|Voldemort's fashionable followers|
Last weekend when I went to see Harry Potter and the Deathly Hallows Part 2, Bill was worried that it would be too scary, so he refused to go. It took him an entire week to work up the nerve to go, and even up to the last minute, while we were watching the previews, he was worried about what gruesome images might be waiting to assault his tender eyes.
I was thrilled to be able to see it again because, as you know, I loved it. On the first viewing, I watched for plot and meaning. During the second viewing, I could not shake this thought: The bad guys sure are a lot better dressed than the good guys.
Even though Voldemort himself is always in some kind of weird kimono type of robe, his followers are always decked out in sleek black designer ensembles. The coat that Narcissa Malfoy wears in the final scenes is gorgeous - a fitted, embroidered Victorian-inspired topcoat. Her son Draco wears a slim designer suit, and while the Bellatrix Lestrange is a evil witch (literally) with hideously decaying teeth, her wardrobe is pure gothic splendor. Snape sweeps around in his black cape with his long back hair, looking like he owns the night. Maybe it's all the black, maybe it's the "steam-punk" look they have going on... I just like it.
|The brown, tweedy, ordinary Weasleys|
On the other hand, we have the good guys. The kids mostly wear their uniforms and school robes; Harry, Ron and Hermione usually wear jeans and sweaters, Neville is fond of cardigans, and the Weasleys wear brown. Not that there's anything wrong with any of this... it's just plain.... and frumpy... and downright unremarkable.
I guess it could be a matter of money? But if this were so, why does the "Snatcher" look good? I mean, sure he needs a shower, but his clothing is like something Marc Jacobs would put on the runway.
What does it all mean? Maybe it's just that the costumer put the bad guys in black because that's an easy way to show who's bad. Or maybe it's just that their style resonates with my history as a proto-goth and natural preference for black clothing. Or maybe these particular bad guys care more about how they look? Have more to prove?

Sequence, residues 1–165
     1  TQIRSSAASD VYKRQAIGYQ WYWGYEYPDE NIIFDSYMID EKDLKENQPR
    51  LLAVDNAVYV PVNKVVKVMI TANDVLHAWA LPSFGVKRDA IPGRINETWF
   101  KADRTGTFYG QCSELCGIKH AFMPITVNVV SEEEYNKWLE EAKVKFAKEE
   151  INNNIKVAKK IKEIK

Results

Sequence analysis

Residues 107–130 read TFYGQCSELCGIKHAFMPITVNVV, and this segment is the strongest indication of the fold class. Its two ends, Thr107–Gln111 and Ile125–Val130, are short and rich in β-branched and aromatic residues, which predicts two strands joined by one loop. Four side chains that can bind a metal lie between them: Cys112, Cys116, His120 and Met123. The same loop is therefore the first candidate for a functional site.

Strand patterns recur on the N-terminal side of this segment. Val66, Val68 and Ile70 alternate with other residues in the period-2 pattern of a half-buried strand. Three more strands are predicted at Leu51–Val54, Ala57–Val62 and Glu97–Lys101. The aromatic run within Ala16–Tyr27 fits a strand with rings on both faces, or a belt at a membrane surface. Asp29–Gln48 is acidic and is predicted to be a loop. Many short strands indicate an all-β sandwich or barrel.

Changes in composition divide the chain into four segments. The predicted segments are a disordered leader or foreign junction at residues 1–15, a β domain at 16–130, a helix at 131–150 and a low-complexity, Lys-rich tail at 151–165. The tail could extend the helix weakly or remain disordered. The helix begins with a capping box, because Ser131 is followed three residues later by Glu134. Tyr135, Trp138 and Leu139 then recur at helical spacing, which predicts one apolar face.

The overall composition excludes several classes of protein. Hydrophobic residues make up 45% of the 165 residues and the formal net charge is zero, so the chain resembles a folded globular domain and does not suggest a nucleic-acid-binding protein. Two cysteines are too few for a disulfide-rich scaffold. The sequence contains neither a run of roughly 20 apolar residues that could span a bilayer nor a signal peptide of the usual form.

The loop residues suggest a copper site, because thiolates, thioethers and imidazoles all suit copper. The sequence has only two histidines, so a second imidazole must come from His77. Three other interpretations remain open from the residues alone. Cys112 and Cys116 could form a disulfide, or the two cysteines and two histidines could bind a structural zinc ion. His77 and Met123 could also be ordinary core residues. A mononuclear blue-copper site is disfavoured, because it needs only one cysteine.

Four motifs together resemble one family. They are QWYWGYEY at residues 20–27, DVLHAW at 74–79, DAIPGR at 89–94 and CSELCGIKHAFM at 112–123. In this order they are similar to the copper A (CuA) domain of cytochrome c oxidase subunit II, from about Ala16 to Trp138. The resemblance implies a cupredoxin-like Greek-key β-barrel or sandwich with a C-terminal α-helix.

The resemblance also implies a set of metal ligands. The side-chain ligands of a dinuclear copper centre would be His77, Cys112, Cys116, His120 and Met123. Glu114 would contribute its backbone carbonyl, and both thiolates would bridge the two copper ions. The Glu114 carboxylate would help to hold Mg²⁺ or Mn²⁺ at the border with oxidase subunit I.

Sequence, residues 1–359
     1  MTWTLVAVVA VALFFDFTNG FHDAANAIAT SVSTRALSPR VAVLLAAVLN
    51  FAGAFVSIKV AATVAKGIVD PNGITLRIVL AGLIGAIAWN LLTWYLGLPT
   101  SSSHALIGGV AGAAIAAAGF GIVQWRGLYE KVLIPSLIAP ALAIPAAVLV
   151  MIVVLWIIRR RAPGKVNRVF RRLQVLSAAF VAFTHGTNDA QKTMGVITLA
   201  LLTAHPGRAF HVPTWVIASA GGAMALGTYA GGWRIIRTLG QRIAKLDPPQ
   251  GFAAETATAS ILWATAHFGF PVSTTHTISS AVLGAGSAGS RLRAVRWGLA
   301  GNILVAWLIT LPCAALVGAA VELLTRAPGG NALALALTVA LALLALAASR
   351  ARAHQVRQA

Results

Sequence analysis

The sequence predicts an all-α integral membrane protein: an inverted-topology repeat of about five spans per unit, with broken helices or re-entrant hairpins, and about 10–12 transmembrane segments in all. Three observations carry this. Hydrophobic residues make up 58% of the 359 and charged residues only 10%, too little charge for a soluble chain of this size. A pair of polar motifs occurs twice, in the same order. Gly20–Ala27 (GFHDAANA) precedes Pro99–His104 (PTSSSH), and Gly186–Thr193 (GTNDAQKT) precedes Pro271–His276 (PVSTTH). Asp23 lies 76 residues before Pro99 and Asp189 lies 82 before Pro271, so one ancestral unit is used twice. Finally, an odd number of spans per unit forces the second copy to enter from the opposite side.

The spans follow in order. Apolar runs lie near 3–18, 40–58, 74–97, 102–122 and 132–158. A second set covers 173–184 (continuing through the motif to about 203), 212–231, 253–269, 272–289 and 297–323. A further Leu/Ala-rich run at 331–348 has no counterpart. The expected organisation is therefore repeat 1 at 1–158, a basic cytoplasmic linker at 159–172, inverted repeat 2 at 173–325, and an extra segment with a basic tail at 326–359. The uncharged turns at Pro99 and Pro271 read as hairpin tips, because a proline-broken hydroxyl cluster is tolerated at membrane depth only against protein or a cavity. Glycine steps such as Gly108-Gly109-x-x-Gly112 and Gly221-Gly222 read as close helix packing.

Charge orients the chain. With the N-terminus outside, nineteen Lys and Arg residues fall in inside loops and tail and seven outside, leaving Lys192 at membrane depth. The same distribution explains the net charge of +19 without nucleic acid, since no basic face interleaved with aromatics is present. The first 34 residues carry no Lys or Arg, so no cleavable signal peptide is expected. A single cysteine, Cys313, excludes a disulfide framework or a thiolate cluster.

Maybe it's to show that the world is saved by extraordinary actions by ordinary looking folks. Here's what Isaiah 53 said about Jesus himself: He had no beauty of majesty to attract us to him, nothing in his appearance that we should desire him.
What does it say about me that I kept looking at and judging their clothes? I hope it's just that I'm a graphic designer whose mother subscribed to Vogue, and not a superficial mall rat. Although, I will confess that when I started attending my current church 20 years ago, this thought ran through my mind more than once: "These people do NOT know how to dress." I hope the fact that I don't notice what people wear to church anymore shows that I've grown maybe a little bit...?
Fortunately, I had no trouble distinguishing between good and evil in the movie - I wasn't discounting the bad guys just because they were dressed like grandparents. I wasn't tempted to pull for Voldemort's buddies just because they looked like a million bucks.
Sadly, it's not always that obvious which side to pull for... Real life is much more subtle. I guess if you have trouble figuring it out, it's always good to remember what it says in 1Samuel 16: The Lord does not look at the things people look at. People look at the outward appearance, but the Lord looks at the heart.
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